I can’t decide which is more American: the apple pie or Mecum.
Following the epidemic that upset their plans (cancelling their sale of Monterey, the most “European” of all), the auction house decided to play the ace up its sleeve by proposing a summer version of their flagship event with a sale in Kissimmee, Florida using the traditional auctioneer-in-the-hall formula. Organized annually in January, this event usually attracts between 2,500 and 3,500 cars with sales in the order of $70-90,000,000. This “special edition” event, however, was a scaled-down version. With just 739 cars on offer (and 464 sold, equal to 62.79%) and sales totalling $17,385,060, it was by no means comparable to the original but neither did it claim to be. They should be congratulated for their resourcefulness and, in any case, considering the various factors at stake – not least the growing risks of a new lockdown and the upcoming US elections – the results can be considered more than satisfactory.
Finally, out of sheer curiosity: their other workhorse is the sale in Indianapolis and they have organized a special sale at the end of October for this event too. We’re going to keep our antennas up ready to pick up any signals the market chooses to send out.
Of the 10 most expensive cars sold, 8 were manufactured on US soil and were championed by the 2018 Ford GT. I bet you know the technical specifications by heart so I will limit my observations to the market. When this model was launched, Ford dealers were inundated with purchase requests, but the parent company immediately imposed a ban on the resale of the car within the first 24 months, which diminished the interest of many speculators. The famous wrestler John Cena… forgot about this rule and took his to an auction. Ford’s lawyers, on the other hand, took Cena to court and the news quickly spread around the world. That’s why the first sentence of the vehicle’s description reassured buyers about the possibility of sale. Two examples have recently been sold: one with 44 miles on the clock for $946,000, and another with 1,300 miles on the clock for $858,000. This example had covered just 97 miles from new, so to have some fun we can safely say that the $935,000 sale price was correct.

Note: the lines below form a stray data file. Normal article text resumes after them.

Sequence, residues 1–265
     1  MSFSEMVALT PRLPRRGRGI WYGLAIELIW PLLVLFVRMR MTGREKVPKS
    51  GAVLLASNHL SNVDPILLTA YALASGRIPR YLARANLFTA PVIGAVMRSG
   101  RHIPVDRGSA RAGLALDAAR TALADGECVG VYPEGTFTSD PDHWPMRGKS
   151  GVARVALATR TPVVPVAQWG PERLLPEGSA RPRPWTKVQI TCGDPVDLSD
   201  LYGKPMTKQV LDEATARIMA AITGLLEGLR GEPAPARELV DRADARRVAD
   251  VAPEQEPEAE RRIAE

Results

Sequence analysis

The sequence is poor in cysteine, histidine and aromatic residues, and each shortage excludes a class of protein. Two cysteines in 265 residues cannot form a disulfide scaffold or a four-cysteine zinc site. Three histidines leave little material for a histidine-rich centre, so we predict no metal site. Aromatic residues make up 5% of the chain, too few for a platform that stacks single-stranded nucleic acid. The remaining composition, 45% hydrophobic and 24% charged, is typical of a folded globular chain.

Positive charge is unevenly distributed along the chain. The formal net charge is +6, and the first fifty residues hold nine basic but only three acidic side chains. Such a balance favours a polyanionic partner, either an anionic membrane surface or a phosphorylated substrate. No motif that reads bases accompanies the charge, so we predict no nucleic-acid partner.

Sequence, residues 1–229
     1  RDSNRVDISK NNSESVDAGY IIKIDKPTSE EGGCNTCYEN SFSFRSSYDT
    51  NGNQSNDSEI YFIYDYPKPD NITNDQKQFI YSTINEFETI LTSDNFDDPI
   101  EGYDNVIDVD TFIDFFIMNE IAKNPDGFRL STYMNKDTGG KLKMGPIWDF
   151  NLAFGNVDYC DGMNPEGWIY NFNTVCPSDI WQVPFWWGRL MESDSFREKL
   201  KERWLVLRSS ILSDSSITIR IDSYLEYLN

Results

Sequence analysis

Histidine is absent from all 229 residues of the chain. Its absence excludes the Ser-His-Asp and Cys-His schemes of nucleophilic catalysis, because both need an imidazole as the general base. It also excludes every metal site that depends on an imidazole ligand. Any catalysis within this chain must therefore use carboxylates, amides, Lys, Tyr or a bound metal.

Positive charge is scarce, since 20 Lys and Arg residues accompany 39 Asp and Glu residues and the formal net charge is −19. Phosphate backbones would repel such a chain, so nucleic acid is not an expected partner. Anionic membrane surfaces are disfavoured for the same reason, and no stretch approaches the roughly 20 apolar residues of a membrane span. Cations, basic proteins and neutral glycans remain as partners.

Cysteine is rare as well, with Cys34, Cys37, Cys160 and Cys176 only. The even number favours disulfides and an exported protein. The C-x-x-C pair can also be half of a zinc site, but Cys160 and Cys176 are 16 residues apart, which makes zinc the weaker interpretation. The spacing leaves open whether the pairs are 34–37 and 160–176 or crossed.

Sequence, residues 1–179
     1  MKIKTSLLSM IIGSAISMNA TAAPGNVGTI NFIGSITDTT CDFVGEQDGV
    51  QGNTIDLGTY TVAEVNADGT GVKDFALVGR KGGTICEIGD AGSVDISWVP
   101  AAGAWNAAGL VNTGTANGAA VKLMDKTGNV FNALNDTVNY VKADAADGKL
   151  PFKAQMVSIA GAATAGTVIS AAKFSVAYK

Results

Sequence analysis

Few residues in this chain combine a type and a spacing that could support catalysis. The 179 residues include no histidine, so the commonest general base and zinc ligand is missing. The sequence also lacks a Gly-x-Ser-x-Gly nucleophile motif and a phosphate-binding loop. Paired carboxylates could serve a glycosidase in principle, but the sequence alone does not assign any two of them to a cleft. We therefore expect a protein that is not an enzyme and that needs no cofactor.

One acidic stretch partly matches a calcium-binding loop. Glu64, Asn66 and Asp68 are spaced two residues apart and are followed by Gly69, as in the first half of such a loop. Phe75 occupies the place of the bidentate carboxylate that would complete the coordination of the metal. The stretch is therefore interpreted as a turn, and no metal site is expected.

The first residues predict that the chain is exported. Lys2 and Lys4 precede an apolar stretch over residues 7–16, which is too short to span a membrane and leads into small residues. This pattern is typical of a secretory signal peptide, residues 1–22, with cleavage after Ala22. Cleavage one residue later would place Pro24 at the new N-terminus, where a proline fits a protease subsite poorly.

With the same money you could buy a Shelby Cobra but in this case we found one that cost 96% less. Nothing illegal, it was a replica. I don’t love them myself but I fully understand that with the values achieved by some models, it’s becoming practically impossible to use them. Can you imagine using a real Cobra for a track day or to go to Starbucks? This reconstruction with just 4,000 miles from new was powered by a Ford-derived 3.0 V6 engine with 220bhp and a five-speed manual gearbox. Estimated at $35-45,000 without reserve, it was sold for $30,800 and at this price, you can make your way to your local café completely worry-free. That’s why it’s the car I would have taken away from this auction.
If you wanted something original and “iconic” you could have chosen the 1967 Shelby GT500 Fastback. In the early 2000s, the 1967 GT500 became famous as “Eleanor”, the unicorn of the car thief Memphis Raines (Nicolas Cage) in the film “Gone in 60 Seconds”. At the time, the GT500 was worth a few tens of thousands of dollars, and many tried to convert their models by imitating the heroine of the film with questionable results. Fortunately, this particular example was saved and was presented in original condition (although it had been repainted in 1991) complete with its Police Interceptor engine (355hp). Between 2006 and 2007, American muscle cars suffered (or benefited from, I’ll let you decide) a speculative bubble with market quotations exceeding $300,000 for the very best examples. This model, which was sold for $187,000, was one of the few not to have been impacted by significant price fluctuations over the last 15 years.
This totally stars and stripes edition could not have gone without an example of the true American legend, the Corvette. I could not have left out this model but instead of choosing one of the many expensive examples, I decided to complicate my job and search among the “underdogs” and the less appreciated models, looking for the diamond in the rough. I finally chose a C3 series model produced in 1969, in Roadster configuration with the 5.7-litre small block engine (350cu in). Although this is the least performing model of the family, it still pumps out 350hp while the design of the first examples (like this one) best represents the concept of Larry Shinoda. That’s why at $26,400 (against an estimate of $25-35,000) it was by far the most interesting Corvette of the event, even for those who don’t have millionaire budgets.